Traditionally, Psychology was meant to achieve three things; 1. cure mental illness, 2. improve ‘normal’ lives and 3. identify and nurture high talent. Unfortunately, following World War 2, the focus of Psychology has been on the first, and fixing lives that needed help. This is obviously critically important for those suffering mental illness, yet the approach fails to look at the complete picture of mental health.
As a result, there had been little research into what makes life worth living and what makes individuals, communities and organisations thrive. That is, until Positive Psychology came in.
Positive Psychology aims to find ways to make life better for people, and ensure they’re the most mentally healthy person they can be. The way I talk about Positive Psychology to those who ask, is to describe it as getting someone somewhere between zero and plus ten. Whereas, I see traditional Psychology as focused on getting people from negative ten to zero. It does not fall under the self-help or “pop psychology” categories but is a field backed by research, theories and evidence that aim to improve wellbeing.
Positive Psychology was founded by Martin Seligman around 20 years ago, yet the interest in this space has really ramped up over the last ten. Seligman is determined to move Psychology away from the traditional focus and look at the positive in life rather than the negative. Seligman states that Positive Psychology is the “scientific study of optimal human functioning that aims to discover and promote the factors that allow individuals and communities to thrive” (Seligman and Csizksentmihalyi, 2000).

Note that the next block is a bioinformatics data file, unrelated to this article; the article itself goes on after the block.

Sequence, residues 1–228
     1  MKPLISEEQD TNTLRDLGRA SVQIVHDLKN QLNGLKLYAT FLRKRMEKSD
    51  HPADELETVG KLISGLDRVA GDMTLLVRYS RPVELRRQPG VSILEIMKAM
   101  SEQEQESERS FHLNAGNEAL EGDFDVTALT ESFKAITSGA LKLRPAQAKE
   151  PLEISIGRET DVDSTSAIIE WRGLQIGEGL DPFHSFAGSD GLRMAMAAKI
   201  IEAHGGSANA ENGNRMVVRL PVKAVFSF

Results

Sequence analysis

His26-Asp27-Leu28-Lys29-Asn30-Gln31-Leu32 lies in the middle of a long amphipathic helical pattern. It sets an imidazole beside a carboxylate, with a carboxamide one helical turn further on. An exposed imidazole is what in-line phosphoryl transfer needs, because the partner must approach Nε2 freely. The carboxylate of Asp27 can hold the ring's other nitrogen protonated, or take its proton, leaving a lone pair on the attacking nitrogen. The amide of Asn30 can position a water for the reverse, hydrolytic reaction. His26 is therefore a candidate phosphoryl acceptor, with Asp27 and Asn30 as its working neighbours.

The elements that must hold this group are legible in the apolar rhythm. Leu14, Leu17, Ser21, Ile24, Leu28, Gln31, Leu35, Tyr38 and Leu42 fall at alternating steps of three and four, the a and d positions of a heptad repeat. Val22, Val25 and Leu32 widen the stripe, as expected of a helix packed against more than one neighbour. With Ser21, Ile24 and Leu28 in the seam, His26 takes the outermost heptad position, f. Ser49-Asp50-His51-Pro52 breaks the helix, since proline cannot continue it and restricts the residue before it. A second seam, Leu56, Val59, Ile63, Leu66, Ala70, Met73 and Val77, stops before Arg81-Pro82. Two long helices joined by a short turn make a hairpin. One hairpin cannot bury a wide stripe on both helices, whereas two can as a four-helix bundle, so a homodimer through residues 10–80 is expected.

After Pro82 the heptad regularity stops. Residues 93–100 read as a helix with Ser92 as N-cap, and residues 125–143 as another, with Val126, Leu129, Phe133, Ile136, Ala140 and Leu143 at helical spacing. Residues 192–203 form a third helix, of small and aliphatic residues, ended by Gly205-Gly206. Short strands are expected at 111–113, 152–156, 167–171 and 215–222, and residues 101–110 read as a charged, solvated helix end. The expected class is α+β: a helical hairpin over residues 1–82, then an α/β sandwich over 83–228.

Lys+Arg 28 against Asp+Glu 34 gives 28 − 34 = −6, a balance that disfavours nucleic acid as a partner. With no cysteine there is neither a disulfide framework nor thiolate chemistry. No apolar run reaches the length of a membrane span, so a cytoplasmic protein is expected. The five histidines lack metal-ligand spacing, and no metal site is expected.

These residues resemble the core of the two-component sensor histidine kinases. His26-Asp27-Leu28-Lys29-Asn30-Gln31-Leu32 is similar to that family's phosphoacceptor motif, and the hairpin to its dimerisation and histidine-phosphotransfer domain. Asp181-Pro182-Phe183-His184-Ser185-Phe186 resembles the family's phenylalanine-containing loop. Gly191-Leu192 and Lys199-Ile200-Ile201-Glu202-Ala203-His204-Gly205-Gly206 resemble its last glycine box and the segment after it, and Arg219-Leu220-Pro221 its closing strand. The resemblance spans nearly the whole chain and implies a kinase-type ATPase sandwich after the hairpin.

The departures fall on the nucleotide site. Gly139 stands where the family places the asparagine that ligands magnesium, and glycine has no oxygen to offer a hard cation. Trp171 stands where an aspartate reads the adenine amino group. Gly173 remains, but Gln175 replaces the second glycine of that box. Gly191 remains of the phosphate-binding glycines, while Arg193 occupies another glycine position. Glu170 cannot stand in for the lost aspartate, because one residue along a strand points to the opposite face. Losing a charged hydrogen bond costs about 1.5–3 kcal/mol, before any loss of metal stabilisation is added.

Positive Psychology however, is not a new concept. But rather, it can be traced back to the days of Aristotle, and has links with Buddhism and Hinduism including the practise of mindfulness, yoga and meditation.
Of course, it does not aim for us to be happy all the time. We know this is impossible given the ups and downs we all face. But the field wants us to be able to deal with the roller-coaster of life by drawing on our inner resources such as resilience, mindset, gratitude and positive emotions.
In other posts, I will discuss tested Positive Psychology Interventions (PPIs) that increase wellbeing such as random acts of kindness, strengths finders, letters of gratitude and the list goes on. Unfortunately you can’t achieve happiness and wellbeing from just thinking good thoughts… What I have noticed lately is that PPIs are being brought into workplaces and schools (Australia is currently the leader in positive education!) to help people feel good and be more productive, which has resulted in some incredible outcomes.
For more detail on Positive Psychology, I recommend Ilona Rabley’s book “Positive Psychology in a Nutshell”, which will give you a good overview. I will also reference a number of authors, blogs and links in my posts too.
I am excited by this field as I have seen how it can improve the lives of people including me. Personally, I have been challenged to focus on the positive in life rather than the negative, which often comes more naturally. I am using Positive Psychology to work out how to obtain the good life, how people can flourish and reach their highest potential and not just accept ‘normal’. Because I tried ‘normal’ and it wasn’t for me.